send off was just part of that ini-
"You want to try to keep things
as normal as possible for them and
not alter their routine," Ablauf
said. "I think we have been able to
do that."

From Page 1A
during is earliest stage, as well as
advice from YC partners about
how to develop ideas and pitch
startups to potential investors.
Prominent techies also host
weekly talks for YC participants,
including speakers like Facebook
co-Founder Mark Zuckerberg.
The experience culminates in
a Demo Day, in which about 450
top investors hear presentations
from YC-backed startups and
- hopefully - invest in the
fledgling companies.
University alum Harry
Zhang, co-founder of Lob, a San
Francisco-based printing and
mailing service, participated in
YC in the summer of 2013. The
company has since raised $9.4
million from investors, according
to CrunchBase.
"Overall, it's easily the best
incubator in Silicon Valley and
has one of the best brand names
in the Silicon Valley community,"
Zhang said.
He said the advice and
structured program that YC
offered were invaluable.
"It helps you sort of get the
traction that you need to launch
your startup in a structured
environment," Zhang said. "It
helps you internalize what the
most important thing is that you
should be focusing your time
on when you're building your
The YC-backed company that
was represented at the event
was FarmLogs, an Ann Arbor-
based company focused on
servicing farms and optimizing
crop rotation. FarmLogs CEO
Jesse Vollmar co-founded the
company in 2012, and it has since
produced a profit of $5 million.
Vollmar presented a storyline
of FarmLogs' early days. After
he and his co-founders were
accepted into YC, via an e-mail
that "completely changed (his)
life," he moved to San Francisco,
lived in a tiny apartment with
only an Ikea mattress on his floor
and assumed 100-hour work
weeks of coding - 14 hours per
day, every day.
"Our life just became
completely consumed by the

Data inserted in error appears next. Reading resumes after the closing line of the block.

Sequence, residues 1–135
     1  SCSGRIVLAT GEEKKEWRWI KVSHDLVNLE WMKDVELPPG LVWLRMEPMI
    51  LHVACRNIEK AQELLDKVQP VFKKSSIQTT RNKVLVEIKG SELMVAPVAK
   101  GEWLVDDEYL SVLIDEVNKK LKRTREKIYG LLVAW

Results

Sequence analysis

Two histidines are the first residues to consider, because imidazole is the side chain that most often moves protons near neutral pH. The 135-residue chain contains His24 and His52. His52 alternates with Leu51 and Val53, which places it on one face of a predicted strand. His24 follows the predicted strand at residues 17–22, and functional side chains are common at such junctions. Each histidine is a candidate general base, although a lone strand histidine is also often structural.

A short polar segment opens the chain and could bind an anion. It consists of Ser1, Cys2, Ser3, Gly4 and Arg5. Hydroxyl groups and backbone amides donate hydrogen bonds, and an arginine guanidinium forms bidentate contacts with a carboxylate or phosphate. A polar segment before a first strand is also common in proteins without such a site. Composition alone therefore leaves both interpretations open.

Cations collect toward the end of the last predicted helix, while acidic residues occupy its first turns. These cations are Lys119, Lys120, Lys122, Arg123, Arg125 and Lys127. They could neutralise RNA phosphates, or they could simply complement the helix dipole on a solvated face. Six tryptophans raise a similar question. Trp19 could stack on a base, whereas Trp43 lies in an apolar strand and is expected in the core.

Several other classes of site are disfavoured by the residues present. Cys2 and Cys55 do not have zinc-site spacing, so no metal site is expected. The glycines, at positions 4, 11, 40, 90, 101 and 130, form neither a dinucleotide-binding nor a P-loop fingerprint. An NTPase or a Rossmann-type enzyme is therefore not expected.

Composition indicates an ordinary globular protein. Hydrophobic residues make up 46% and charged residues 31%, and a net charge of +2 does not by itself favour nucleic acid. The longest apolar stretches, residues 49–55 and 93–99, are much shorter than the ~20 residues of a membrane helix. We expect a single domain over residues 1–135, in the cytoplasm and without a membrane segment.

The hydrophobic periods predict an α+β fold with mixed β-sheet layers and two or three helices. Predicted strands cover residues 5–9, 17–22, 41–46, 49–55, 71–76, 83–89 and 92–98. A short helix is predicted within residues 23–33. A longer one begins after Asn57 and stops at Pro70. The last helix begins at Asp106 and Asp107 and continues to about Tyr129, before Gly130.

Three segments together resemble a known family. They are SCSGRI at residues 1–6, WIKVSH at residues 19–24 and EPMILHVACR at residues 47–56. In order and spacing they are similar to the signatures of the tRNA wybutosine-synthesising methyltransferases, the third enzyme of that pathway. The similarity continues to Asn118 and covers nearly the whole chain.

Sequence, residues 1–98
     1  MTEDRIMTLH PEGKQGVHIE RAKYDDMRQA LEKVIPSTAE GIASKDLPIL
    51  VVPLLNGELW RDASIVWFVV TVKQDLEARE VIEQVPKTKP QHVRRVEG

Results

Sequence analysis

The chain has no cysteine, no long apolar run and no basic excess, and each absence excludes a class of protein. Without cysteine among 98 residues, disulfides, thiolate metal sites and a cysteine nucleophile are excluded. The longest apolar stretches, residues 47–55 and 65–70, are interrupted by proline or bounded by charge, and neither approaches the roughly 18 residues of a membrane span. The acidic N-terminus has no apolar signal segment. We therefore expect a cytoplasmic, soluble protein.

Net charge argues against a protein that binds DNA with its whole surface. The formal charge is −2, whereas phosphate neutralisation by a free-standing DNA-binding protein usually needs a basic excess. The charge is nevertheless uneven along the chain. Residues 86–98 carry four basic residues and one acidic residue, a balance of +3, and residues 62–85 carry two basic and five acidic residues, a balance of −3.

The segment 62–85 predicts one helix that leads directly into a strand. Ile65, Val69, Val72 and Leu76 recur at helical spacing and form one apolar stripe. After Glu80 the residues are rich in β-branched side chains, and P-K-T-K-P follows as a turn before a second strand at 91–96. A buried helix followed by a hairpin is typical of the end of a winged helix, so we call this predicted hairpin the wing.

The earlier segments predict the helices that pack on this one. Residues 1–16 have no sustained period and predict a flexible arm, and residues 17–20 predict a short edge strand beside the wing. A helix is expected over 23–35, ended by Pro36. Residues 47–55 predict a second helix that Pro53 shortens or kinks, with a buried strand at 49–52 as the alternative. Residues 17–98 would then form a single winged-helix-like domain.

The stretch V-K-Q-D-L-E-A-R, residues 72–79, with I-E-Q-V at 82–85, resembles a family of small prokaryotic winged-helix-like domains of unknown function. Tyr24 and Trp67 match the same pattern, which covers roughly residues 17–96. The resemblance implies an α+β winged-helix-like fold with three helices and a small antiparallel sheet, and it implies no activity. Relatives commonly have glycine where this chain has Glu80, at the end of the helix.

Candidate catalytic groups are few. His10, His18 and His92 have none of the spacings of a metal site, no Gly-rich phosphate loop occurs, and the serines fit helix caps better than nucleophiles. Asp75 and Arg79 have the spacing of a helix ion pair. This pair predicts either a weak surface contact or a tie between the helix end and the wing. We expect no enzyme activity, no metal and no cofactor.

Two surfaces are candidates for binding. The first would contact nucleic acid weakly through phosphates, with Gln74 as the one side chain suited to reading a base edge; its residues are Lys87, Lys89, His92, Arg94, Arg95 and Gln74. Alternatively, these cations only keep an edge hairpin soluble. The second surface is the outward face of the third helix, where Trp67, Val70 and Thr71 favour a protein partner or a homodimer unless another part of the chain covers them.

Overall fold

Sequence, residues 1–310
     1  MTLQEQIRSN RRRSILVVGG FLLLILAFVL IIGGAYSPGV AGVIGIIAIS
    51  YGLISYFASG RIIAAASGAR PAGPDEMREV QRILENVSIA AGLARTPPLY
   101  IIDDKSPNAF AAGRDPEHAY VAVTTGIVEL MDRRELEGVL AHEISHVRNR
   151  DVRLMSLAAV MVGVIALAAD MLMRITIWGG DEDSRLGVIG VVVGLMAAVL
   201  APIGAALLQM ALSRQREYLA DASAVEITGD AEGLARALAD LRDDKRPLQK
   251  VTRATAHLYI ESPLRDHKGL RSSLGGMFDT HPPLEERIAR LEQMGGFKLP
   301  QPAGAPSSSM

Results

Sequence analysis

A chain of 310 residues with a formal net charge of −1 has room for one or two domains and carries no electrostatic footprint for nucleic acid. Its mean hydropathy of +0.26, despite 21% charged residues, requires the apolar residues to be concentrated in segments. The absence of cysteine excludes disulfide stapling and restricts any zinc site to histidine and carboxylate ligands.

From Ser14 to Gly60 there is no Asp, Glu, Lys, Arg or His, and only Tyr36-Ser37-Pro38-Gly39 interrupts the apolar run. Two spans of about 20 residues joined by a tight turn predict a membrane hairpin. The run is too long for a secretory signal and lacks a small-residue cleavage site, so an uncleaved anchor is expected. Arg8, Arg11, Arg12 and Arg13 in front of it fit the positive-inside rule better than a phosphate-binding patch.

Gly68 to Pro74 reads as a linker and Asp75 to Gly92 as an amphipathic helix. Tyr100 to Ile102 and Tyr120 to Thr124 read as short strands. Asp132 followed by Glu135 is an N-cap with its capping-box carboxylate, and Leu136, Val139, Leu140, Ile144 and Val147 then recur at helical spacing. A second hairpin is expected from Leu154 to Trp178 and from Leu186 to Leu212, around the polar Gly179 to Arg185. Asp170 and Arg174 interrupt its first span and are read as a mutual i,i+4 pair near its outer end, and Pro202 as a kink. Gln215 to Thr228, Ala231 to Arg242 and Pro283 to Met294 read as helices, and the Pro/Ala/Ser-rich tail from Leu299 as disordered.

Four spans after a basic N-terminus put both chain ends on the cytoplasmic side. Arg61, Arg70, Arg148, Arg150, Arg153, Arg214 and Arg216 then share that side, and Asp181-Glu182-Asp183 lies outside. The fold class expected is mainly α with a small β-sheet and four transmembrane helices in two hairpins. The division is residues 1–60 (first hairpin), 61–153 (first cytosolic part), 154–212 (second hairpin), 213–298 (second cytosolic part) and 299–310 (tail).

startup," Vollmar said.
He emphasized the need
to find co-founders who were
equally dedicated to the intensive

lifestyle, after one person in
his three-person team left one
month into the YC program.
"We weren't on the same
page," Vollmar said. "We didn't
all have an agreement that we
were going to pour everything
we had into this company. It's
something that you should
definitely get straight is building
a strong relationship with your
co-founders first."
YC partner Younis echoed
tlis sentiment during his
talk. Younis, whose feedback
platform TalkBin was acquired
and then phased out by Google,
also discouraged attraction to
the image of the dropout startup
founder, such as Bill Gates, Steve
Jobs or Mark Zuckerberg.
Younis also emphasized the
value of working for oneself
rather than for a corporation. He
said the latter option often offers
a larger salary and more security,
but foraying into the startup
world is a priceless experience.
After the talk, University
students with early-stage
startups had the opportunity to
have 10-minute office hours with
One attendant was
Engineering alum Tim Jones,
the founder and chief technology
officer of Cribspot, a housing
website that he said has helped
more than 60,000 students find
housing since September 2013.
After attending office hours, he